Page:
Tuesday 18 June
Pitcher plant (Nepenthes holdenii)
- The Nepenthes holdenii pitcher plant is known only from a remote part of the Cardamom Mountain Range in Cambodia.
- Nepenthes holdenii is a carnivorous plant, its modified pitcher-shaped leaves attracting and trapping insects which are then digested for nutrients.
- It is possible that Nepenthes holdenii is the most drought-resistant plant of its group, due to its swollen underground roots that store water and nutrients for survival in harsh conditions.
- Nepenthes holdenii is able to survive frequent fires that eliminate competing plants.
Pitcher plant fact file
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Pitcher plant description
The magnificent Nepenthes holdenii belongs to a closely related group of carnivorous Indochinese pitcher plants that are set apart from other pitcher plant species by their ability to flower without having first grown their pitchers (1). This species was first discovered in 2006 by botanist and photographer Jeremy Holden, and formally described in 2010 (4).
As in other pitcher plants, Nepenthes holdenii’s vase-shaped ‘pitchers’ are modified leaves that are deadly insect traps (5). The pitchers grow from tendrils projecting from a leathery leaf tip, and have a ‘lid’ and an opening at the top, the surrounding part of which is known as the peristome. Each year Nepenthes holdenii grows a circular arrangement of leaves at its base, from which climbing shoots grow to around five metres tall. Like other members of the Indochinese pitcher plants, Nepenthes holdenii develops swollen, irregular roots that are up to 25 centimetres thick (1).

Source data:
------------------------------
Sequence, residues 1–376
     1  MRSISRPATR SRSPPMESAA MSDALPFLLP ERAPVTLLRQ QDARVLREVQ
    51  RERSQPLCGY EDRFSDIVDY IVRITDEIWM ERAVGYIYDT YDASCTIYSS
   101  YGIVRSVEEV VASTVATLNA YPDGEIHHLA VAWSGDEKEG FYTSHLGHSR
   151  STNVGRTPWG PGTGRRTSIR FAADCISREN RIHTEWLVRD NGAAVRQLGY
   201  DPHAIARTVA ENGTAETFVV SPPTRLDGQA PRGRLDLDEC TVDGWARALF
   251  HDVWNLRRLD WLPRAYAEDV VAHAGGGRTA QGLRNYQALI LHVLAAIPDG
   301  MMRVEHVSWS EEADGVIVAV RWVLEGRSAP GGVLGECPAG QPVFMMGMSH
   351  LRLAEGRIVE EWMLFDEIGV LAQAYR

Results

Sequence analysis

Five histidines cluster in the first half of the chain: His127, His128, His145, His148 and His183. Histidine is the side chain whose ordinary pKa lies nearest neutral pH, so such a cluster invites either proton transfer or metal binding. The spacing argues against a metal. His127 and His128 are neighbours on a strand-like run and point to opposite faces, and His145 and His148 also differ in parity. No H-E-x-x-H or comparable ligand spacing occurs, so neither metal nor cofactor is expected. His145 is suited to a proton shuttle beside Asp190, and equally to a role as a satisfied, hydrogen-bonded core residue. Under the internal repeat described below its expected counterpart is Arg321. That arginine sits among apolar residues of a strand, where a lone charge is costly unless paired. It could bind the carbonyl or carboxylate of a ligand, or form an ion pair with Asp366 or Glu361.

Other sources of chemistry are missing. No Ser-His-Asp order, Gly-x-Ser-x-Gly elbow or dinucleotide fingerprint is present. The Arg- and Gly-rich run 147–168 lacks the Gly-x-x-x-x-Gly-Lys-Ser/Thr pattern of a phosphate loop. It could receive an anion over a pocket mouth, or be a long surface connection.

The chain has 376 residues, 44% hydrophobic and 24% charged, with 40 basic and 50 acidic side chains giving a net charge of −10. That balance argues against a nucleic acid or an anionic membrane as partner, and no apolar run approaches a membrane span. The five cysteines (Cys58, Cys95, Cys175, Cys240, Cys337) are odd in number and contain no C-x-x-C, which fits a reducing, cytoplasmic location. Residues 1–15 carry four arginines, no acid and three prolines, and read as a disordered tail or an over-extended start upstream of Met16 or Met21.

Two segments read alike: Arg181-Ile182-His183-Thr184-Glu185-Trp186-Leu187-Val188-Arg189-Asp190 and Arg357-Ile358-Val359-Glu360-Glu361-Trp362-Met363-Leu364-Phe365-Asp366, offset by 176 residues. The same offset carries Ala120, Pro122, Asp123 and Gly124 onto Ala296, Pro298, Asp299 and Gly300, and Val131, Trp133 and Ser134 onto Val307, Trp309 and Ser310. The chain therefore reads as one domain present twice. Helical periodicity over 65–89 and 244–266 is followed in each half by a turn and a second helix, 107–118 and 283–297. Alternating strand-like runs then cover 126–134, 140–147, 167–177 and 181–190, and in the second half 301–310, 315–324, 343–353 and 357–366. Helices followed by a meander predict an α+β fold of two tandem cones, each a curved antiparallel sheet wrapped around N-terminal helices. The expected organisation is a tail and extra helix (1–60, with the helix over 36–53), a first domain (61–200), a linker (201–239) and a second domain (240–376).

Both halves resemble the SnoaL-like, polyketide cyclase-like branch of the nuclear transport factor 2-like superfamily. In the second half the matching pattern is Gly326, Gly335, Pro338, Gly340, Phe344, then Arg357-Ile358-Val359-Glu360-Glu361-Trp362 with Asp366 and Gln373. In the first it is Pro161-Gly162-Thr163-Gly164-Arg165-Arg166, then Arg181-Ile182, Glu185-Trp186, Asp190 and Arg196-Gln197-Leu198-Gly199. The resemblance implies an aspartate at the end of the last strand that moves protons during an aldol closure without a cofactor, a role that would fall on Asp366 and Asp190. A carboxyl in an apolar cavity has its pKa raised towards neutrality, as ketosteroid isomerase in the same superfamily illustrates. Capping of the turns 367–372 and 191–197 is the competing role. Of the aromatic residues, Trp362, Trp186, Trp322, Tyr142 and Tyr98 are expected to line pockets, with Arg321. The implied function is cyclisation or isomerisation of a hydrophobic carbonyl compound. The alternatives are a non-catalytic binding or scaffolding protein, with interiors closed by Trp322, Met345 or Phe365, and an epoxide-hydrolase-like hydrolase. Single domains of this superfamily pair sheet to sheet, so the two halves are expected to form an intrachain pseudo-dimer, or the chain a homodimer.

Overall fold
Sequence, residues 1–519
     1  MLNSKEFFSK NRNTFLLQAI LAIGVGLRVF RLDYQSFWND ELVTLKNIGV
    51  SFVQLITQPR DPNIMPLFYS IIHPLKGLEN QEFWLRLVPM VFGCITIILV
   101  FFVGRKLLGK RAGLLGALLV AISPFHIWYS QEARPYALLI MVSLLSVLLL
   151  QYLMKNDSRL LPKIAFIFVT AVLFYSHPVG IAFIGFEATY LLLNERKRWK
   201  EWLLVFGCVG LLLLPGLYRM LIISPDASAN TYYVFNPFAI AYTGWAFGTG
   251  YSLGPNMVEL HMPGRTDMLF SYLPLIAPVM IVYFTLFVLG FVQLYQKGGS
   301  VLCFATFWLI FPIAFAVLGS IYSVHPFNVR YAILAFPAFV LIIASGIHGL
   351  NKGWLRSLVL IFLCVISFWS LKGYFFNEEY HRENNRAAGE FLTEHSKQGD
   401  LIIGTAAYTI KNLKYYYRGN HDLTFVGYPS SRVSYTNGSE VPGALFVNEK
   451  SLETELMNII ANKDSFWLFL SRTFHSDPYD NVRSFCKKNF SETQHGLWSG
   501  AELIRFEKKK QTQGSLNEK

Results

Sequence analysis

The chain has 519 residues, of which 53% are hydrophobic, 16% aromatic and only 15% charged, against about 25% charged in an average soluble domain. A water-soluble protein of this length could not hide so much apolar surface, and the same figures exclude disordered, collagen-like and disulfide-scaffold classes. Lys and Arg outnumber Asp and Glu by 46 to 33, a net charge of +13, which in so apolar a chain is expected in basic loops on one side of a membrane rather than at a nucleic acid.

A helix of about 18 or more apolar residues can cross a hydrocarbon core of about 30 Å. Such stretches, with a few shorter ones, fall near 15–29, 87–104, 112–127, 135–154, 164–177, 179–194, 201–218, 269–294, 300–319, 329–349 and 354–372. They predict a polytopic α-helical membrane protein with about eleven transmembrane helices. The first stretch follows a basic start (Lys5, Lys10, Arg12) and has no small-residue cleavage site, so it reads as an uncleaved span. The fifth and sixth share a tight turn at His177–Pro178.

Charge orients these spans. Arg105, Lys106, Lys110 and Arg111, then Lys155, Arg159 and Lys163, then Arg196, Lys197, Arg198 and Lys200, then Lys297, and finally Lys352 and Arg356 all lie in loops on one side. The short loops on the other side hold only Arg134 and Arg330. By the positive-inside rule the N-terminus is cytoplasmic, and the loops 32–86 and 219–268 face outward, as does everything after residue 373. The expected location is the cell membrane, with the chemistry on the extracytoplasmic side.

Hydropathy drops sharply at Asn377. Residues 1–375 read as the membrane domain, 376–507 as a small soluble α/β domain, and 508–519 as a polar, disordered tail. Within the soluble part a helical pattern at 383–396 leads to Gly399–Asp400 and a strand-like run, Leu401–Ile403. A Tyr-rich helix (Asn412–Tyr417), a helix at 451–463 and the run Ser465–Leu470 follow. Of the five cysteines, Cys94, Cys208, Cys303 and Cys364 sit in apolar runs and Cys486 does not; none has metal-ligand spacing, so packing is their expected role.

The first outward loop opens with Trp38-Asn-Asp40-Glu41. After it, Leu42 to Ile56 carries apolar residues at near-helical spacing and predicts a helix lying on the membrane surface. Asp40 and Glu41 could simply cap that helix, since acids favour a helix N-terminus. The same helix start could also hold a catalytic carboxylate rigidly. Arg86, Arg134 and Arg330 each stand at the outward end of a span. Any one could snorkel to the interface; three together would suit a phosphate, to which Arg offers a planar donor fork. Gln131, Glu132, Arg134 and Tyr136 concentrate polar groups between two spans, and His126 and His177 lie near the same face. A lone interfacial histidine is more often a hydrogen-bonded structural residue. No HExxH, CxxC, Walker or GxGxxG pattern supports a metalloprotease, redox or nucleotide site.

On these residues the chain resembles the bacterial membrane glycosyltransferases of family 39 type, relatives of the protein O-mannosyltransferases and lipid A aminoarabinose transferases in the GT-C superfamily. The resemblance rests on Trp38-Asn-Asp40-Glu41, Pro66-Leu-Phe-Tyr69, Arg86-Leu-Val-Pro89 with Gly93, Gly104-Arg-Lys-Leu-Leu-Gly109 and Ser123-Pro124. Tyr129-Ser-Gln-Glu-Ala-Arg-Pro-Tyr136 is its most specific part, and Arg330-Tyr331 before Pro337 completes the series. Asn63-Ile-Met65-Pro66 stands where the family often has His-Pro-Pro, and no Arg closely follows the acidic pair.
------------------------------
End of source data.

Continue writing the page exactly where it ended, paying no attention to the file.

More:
The oval-shaped lower pitchers of Nepenthes holdenii grow near the ground and are red, brown or purple on the outer surface, with weak purple markings. Occasionally they are green with a red peristome, although this colouration is rare. The inside surface is creamy-white to yellowish green, and occasionally spotted purple. Two fringed ‘wings’, approximately 15 millimetres wide, run down the outer surface from the peristome to the bottom of the pitcher. The upper pitchers of Nepenthes holdenii are similar in shape but grow higher up on the plant and tend to become narrower towards the bottom. They are usually completely green, with or without a reddish-orange peristome, or may be brown, pink or red with faint purple spots and a reddish-orange peristome. The inside of an upper pitcher is creamy-white to yellowish-green and very occasionally spotted purple (1).
Nepenthes holdenii can be distinguished from all other closely related Indochinese pitcher plants by the unique growth of its inflorescence. Both the male and female flowers grow in small clusters, but on separate plants. Small stems grow from the main stem of the raceme, with each small stem dividing into two, bearing one flower on each branch (1).
- Lower pitcher height: 13 - 20 cm (1)
- Upper pitcher height: c. 25 cm (1)
- Lower pitcher width: 4 - 6 cm (1)
- Upper pitcher width: c. 6 cm (1)
Pitcher plant biology
Like other pitcher plants, Nepenthes holdenii is carnivorous, its pitchers filled with acidic digestive juices able to break down insects that unwittingly fall into them (3). The carnivorous nature of this species is an adaptation that allows it to survive in nutrient-poor soils, as it gains nutrients from whatever falls into its pitchers (5).
Nepenthes holdenii is also fire-resistant, occurring in an area prone to regular fires. This species is able to avoid destruction by fire by growing large, swollen roots underground that produce a new pitcher-bearing vine once the fire has passed (5). These underground swellings, or tubers, are able to store enough water and nutrients for the plant to survive extended periods of drought as well as the frequent fires. Another survival technique of Nepenthes holdenii is its cessation of leaf, flower and pitcher production during the dry season. Individuals growing in particularly exposed conditions will enter a period of dormancy during this time (1).Top
Pitcher plant range
Nepenthes holdenii is known only from the Cardamom Mountain Range in western Cambodia, within the remote Pursat Province (1).Top